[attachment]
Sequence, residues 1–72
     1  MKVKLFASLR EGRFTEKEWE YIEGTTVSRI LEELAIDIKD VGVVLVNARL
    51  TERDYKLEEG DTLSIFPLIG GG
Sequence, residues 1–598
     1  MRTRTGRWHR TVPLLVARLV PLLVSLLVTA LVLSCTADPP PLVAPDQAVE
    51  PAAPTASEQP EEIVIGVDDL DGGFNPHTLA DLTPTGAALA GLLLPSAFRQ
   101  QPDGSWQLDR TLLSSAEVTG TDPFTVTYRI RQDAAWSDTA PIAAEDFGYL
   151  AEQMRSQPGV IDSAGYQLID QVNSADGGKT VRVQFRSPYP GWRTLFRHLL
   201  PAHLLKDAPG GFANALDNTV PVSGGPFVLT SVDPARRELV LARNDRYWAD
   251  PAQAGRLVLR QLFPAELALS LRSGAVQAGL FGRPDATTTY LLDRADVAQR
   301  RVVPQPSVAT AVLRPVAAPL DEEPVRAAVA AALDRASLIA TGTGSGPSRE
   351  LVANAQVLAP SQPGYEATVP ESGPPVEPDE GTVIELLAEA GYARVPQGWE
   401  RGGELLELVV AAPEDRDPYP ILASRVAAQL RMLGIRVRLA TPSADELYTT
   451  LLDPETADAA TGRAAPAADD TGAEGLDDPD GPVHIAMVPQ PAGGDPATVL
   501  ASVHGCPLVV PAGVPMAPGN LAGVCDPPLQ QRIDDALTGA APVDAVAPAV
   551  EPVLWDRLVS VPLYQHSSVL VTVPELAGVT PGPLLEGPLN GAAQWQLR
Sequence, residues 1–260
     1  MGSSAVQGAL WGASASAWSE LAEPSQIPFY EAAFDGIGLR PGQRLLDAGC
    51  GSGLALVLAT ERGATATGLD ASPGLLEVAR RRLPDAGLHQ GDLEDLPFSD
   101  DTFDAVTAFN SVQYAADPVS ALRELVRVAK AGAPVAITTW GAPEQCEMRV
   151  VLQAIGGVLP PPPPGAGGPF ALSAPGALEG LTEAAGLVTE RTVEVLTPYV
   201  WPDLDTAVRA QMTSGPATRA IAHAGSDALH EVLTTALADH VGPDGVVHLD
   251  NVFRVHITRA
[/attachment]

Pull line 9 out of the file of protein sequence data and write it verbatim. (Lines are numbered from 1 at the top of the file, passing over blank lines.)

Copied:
   201  PAHLLKDAPG GFANALDNTV PVSGGPFVLT SVDPARRELV LARNDRYWAD